“Yes, it’s nice,” my mother told me, but I could tell from her sad smile that she would be a long time forgiving herself for her comment, one that had reminded both of us that sometimes children died.
Perhaps it saddened her most of all because she knew it was wrong to stand by, silent, while my father whipped me. Or perhaps it grieved her because she had lost the child in herself early in life, as soon as she was old enough to help care for her brothers and sisters. She had become a woman of duty and endurance, selfless and without need, at least none she was willing to place before the obligation she felt toward her family. There were eight of them: my grandfather and grandmother and the six children. My mother, Beulah, was the oldest. Then came Jim and Homer and Gladys and Anna and Harry.
They lived for a while on a farm south of Berryville, but my grandfather couldn’t keep up with the mortgage payments, and the bank foreclosed. His name was Harrison Read, and I never knew him, because he died shortly after I was born. In the photographs I have of him, he seems like a gentle man, tall and thin but with a sad face and sloped shoulders, as if the burden of his life and the poor choices he made in it had eventually worn him down. The way I understand it, from stories various relatives have told, he had a drinking problem and was prone, when drunk, to unseemly behavior. More than once, he ended up in the Olney jail, arrested for public drunkenness, and my Uncle Homer had to bail him out. Fortunately for all involved, my grandfather was a sad drunk instead of a mean one, and if he could have only given up liquor, which he eventually managed to do, he would have lived a pleasant life, enjoying the Zane Grey novels he read aloud to his children each evening, the pet raccoon he fed from a baby bottle, the St. Louis Cardinals baseball games he listened to on the radio. I would gather these facts about him much later, when as an adult, I would start to ask my aunts and uncles for stories. When I was a child not old enough for school, I spent the days with my Grandma Read. There was a library table in her bedroom, and she forbade me from opening its drawer, an order I, of course, disobeyed. Inside the drawer were two cigarette lighters, a packet of pipe cleaners, a tin of Prince Albert tobacco, a deck of Bicycle playing cards. These were my grandfather’s last possessions, and my grandmother, though she couldn’t bring herself to throw them out, feared that if I handled them, I would soak up whatever darkness had tainted him and brought him to drink.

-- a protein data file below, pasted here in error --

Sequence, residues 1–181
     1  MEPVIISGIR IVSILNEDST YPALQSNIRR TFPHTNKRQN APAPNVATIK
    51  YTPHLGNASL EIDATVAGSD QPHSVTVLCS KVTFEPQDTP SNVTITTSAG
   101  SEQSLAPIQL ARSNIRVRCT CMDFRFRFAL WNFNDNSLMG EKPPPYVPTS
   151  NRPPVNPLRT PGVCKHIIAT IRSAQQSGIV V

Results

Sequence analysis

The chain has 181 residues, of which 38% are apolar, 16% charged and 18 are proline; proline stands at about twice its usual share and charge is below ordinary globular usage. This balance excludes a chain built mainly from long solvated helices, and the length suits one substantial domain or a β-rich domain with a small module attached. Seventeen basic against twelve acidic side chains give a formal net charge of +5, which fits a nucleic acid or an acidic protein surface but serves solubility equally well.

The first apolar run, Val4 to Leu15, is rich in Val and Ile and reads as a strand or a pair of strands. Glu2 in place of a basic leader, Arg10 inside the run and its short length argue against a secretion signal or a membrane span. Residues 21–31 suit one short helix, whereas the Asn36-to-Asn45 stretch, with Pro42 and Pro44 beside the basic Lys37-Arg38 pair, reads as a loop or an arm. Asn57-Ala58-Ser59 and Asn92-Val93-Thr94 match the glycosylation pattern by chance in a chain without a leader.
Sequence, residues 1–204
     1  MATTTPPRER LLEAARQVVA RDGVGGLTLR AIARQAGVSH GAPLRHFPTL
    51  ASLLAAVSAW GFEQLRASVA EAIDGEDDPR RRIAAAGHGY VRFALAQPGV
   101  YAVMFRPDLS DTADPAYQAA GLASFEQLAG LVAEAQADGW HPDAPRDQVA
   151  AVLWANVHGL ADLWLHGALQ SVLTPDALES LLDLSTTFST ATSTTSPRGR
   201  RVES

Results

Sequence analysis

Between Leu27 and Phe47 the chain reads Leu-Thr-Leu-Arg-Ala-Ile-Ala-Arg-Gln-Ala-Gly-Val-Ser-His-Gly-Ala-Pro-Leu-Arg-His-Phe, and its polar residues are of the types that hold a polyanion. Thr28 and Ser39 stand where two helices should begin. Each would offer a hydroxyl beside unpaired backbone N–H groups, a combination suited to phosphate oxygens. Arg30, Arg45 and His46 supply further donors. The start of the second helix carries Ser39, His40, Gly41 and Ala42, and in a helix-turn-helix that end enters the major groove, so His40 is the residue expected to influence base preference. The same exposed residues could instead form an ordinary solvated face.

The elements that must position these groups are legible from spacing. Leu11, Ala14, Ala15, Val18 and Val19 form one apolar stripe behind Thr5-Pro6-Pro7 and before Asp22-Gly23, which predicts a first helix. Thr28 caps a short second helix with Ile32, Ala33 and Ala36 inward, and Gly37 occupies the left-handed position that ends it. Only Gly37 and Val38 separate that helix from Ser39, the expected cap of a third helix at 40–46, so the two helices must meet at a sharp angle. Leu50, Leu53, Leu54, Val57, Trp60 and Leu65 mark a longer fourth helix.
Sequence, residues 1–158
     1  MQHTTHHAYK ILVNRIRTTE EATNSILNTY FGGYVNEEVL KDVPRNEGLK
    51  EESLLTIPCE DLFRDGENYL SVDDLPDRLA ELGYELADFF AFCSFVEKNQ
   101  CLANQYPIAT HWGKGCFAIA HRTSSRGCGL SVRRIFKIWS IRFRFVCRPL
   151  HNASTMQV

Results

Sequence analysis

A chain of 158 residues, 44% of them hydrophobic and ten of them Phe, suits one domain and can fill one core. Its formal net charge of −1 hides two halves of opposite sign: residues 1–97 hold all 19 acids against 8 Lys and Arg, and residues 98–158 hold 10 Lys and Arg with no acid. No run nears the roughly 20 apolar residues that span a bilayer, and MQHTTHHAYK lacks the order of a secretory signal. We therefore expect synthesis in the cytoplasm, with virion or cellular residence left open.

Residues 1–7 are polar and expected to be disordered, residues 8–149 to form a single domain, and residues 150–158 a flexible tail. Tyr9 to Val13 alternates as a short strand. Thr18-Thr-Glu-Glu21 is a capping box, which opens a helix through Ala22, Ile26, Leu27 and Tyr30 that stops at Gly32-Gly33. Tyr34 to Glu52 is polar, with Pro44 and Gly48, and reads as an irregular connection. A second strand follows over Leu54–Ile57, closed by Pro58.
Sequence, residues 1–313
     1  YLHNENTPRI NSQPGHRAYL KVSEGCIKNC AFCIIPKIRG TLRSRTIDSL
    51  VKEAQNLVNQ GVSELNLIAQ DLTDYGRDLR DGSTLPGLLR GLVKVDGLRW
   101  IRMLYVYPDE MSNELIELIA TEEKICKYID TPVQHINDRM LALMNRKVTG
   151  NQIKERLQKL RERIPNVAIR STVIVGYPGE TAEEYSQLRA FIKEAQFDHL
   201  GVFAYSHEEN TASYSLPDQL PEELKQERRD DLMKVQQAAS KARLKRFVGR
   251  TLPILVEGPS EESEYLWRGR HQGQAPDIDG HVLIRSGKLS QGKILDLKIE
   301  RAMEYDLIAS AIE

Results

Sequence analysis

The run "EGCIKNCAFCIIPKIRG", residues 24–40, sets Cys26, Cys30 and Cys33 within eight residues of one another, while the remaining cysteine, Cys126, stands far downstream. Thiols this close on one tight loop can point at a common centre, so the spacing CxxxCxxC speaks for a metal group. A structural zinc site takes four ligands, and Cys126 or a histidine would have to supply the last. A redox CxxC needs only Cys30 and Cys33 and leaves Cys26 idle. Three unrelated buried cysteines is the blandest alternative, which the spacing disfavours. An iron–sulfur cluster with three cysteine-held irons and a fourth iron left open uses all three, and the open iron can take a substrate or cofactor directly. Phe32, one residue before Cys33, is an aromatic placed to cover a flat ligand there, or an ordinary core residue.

My mother had tried to save him. One day she found all the whiskey bottles he had hid in the shed and set them on the front steps, hoping to shame him into quitting his drinking, but as far as I know, her ploy didn’t work. He lost the farm, and for a while, he and my grandmother moved to the northern part of the state and worked at the state hospital in Dixon. When they came back, he leased the Berryville General Store and a house catty-corner from it. My mother, after she had dismissed her pupils for the day, worked in the store. I can imagine her slicing luncheon meat, weighing fruit on the scale, testing the cream the farmers brought to sell, her attention on making the proper measurement, the exact change, believing that she was holding the world in balance, ensuring that my grandfather, who had stopped drinking, had even become a member of the church, would continue to live the decent, orderly life she had always wished for him. As a young girl, she had taken care of her brothers and sisters; now she was safeguarding her father and mother. She lived in their house, worked in their store, convinced, I suspect, that her presence was necessary to their continued good fortune. Surely she dreamed no life for herself, no husband or child, until she met my father and was so overwhelmed with loneliness, she screwed up her courage and decided to start a life with him.